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History of money and banking in the United States

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The monetary history of the United States is full of lows and highs, calls for freedom and state control.

Colonial period[edit]

In the British colonies of North America, the local governments pushed for paper notes with legal tender privileges. The first to do so was the province of Massachusetts (also a first in price controls[1]) in 1690, after a failed raid against French Quebec. It paid off its soldiers with paper notes and pledged to redeem them out of taxes soon and that no more notes would be ever printed. Both promises were quickly broken.[2]

This practice was replicated in five other colonies before 1711, and eventually spread to all British colonies. The merchants forced to accept the rapidly depreciating paper notes complained to the British Parliament, which first limited and in 1764 prohibited the issue of any legal-tender paper in all colonies. To some, this might have been one of the roots of the American revolution.[3]

One of the first actions of the Continental Congress in 1775 was to authorize the printing of paper money - the famous Continentals (from the later phrase "not worth a continental"). When Congress first began printing bills of credit, the idea was that the states would levy taxes and collect the bills in payment of the taxes, thereby retiring them. Not only did the states not levy those taxes, but they also began printing paper money of their own. The result was that more and more paper continued to be printed, leading in turn to a level of depreciation that has become legendary. In Rhode Island, sources tell of creditors "leaping from rear windows of their houses or hiding themselves in their attics" in order to avoid debtors. The most vulnerable in society also felt its effects, with widows and orphans finding the guardians of their trust funds paying them in currency that was worth but a fraction of its face value. Those who refused to accept the money were blamed for all economic ills, as misers, traitors, forestallers, and enemies of liberty.[4]

After Washington's army nearly starved near Valley Forge (complaining "a wagon-load of money will scarcely purchase a wagon-load of provisions"), and attempts to control the prices failed, the Congress recommended to the states "to repeal or suspend all laws or resolutions ... limiting, regulating or restraining the Price of any Article, Manufacture or Commodity." Afterwards, the army was well provided for.[5]

Early history of the United States[edit]

Banks began to set up under the separate legal systems of the various States. The usual procedure was to apply for a charter which gave the privilege of limited liability, in very few States were set up unchartered banks with unlimited liability. In most States deposit banking and note issue required special legal authorisation. How easy was this charter obtained varied from State to State. The most liberal policy was in New England and especially in Massachusetts and Rhode Island. In New York already established banks seem to have persuaded the legislature to refuse to grant charters to new competitors; and there was an increasing tendency to restrictions in the south and west.[6]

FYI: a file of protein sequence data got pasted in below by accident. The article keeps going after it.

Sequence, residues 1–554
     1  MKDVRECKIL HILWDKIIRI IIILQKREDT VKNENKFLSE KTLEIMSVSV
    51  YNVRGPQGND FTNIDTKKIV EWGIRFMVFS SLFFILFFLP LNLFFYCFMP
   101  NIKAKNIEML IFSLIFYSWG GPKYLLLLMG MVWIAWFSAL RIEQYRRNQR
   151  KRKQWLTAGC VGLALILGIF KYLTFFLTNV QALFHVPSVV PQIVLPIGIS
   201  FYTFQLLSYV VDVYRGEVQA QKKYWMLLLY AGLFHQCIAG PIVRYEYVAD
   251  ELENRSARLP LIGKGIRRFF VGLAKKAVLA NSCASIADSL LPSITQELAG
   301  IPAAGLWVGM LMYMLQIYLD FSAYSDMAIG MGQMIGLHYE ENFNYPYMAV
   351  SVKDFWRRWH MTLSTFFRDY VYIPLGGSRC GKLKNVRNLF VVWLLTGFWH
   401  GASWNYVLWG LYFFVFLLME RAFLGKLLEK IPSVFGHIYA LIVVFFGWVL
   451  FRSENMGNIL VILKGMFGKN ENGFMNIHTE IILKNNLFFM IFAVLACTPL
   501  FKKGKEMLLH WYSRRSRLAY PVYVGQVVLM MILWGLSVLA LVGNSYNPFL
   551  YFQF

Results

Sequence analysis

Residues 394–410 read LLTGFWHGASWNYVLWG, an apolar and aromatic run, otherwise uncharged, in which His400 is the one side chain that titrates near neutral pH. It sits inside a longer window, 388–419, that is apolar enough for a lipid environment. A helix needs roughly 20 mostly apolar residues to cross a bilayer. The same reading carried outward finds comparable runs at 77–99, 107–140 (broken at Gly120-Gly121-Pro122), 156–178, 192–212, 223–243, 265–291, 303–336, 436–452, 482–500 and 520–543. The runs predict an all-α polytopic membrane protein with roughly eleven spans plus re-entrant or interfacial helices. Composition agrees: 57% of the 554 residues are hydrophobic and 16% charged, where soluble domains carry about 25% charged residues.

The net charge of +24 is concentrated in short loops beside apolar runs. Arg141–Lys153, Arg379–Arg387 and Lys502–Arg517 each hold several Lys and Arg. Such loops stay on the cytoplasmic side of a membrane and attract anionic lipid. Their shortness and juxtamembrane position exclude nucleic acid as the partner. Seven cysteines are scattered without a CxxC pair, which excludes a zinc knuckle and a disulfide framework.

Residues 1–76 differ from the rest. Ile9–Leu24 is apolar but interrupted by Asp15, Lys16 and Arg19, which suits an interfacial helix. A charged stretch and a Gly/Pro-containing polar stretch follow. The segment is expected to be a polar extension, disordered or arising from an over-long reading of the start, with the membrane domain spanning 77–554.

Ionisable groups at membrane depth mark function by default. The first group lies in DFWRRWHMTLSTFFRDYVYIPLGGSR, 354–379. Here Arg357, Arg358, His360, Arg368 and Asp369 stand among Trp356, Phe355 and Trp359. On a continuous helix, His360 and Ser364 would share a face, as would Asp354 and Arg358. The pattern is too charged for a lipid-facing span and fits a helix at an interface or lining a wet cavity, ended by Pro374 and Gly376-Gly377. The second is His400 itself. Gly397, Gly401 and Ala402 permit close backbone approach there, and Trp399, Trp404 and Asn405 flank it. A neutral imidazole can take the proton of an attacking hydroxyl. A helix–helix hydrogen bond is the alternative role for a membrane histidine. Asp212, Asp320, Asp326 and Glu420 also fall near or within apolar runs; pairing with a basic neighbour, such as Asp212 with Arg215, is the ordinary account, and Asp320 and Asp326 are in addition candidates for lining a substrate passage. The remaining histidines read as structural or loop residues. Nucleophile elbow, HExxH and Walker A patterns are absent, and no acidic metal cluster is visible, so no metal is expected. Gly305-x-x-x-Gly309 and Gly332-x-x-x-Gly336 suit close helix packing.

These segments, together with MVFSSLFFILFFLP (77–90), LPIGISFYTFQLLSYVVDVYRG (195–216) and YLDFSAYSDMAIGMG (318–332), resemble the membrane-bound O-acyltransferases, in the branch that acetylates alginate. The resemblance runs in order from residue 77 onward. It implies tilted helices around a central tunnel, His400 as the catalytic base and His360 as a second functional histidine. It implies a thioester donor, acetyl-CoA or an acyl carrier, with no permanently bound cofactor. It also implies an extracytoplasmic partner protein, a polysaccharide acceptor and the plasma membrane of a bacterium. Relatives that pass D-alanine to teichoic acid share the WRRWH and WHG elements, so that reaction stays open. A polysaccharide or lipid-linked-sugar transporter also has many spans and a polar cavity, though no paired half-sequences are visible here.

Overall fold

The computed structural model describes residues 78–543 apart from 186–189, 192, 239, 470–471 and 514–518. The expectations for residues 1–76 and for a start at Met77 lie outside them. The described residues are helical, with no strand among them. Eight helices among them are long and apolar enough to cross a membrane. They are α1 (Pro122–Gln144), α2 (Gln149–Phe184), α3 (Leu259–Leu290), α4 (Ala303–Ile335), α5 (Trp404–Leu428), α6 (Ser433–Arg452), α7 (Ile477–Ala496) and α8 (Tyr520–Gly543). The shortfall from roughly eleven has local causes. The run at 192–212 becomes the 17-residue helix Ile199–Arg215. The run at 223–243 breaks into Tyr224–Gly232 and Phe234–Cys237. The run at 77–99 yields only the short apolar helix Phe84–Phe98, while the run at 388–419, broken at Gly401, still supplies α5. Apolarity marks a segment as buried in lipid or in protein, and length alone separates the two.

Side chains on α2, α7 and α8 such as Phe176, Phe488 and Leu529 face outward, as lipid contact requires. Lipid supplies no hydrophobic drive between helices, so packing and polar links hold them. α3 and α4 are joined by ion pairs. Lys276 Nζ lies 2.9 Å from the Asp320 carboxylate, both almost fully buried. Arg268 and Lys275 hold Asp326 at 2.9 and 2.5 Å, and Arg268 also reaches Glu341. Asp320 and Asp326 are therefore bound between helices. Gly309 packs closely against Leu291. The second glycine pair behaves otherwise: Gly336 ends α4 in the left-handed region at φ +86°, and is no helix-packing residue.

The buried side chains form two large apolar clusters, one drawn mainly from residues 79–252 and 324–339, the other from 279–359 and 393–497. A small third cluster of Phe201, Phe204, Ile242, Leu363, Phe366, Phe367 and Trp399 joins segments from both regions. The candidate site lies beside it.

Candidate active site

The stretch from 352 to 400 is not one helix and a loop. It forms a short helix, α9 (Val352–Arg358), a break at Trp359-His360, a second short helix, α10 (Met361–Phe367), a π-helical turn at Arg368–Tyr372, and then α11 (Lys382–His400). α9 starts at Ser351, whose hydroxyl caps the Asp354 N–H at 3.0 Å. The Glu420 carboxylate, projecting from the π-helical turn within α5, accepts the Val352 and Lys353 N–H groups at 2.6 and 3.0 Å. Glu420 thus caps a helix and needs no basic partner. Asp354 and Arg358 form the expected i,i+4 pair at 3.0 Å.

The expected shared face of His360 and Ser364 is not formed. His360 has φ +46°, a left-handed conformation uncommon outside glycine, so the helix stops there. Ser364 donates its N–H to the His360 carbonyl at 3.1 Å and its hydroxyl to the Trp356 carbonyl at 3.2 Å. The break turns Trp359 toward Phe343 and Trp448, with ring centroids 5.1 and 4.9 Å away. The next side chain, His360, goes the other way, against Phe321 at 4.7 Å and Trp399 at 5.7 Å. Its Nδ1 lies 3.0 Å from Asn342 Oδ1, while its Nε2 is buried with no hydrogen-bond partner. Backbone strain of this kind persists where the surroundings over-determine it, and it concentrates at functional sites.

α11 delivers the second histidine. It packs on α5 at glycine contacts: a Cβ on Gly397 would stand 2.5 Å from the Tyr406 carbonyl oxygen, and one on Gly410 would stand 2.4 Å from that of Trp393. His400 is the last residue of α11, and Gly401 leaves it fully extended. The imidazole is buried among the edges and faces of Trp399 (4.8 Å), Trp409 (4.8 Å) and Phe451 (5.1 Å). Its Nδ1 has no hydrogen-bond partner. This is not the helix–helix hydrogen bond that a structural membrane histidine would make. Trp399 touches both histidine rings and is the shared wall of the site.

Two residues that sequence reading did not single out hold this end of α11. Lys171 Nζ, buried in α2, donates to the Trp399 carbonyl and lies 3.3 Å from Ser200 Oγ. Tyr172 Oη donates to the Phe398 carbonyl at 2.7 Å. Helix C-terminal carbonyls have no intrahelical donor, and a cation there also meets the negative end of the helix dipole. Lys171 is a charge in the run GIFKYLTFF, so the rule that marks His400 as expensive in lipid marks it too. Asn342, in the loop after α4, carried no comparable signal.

After winning independence, the opponents of inflation have been for long successful. The "founding fathers" strove to avoid paper money, and using anything but gold and silver as legal tender was even forbidden in the constitution. The power to coin money was given to the federal government, not the states.

The first central bank lasted from 1792 to 1812. To finance the war of 1812–14 with Britain, the federal government issued legal-tender treasury notes and a second bank was founded in 1816. Before the war, the States were thinly populated and mostly agricultural. The foreign and shipping trade was long stimulated by the Anglo-French Wars and as a neutral the exports were welcome by all sides of the conflict. The foreign trade was drastically curtailed with the Embargo and the Non-Intercourse Acts, and the war itself. On the other hand, war conditions spurred the growth of domestic manufactures for goods supplied before by Great Britain. Banks in New England were conservative and gave little suppor to the war, but other banks rapidly expanded their notes and eagerly lent to the government. The government allowed the suspension of payments in 1814 and the number of banks rose dramatically. Price increases followed.

Peace brought new problems and opportunities. Imports increased and war-grown manufactures, especially textiles, suddenly had to face the onrush of foreign competition. Foreign trade increased, but not to pre-war levels. The continued monetary expansion led to a boom in real estate prices and speculation, and rapidly growing indebtedness by farmers. The Second Bank of the United States was authorized by Congress to solve the monetary problems and provide a sound and uniform currency. Instead, it has continued and enhanced the expansion. The boom continued for a while, but the banks were soon having problems with the return to specie payments. The Second Bank started a painful contraction and a wave of bankruptcies followed, known as the Panic of 1819.[7] States attempted to drive the branches of the Second Bank from their jurisdictions with various measures, including taxation. The issue was resolved by the landmark decision M’Culloch v. Maryland, in which the Supreme Court declared that "states have no power, by taxation or otherwise, to retard, impede, burden, or in any manner control" the operations of a federally created entity, such as the Second Bank.[8]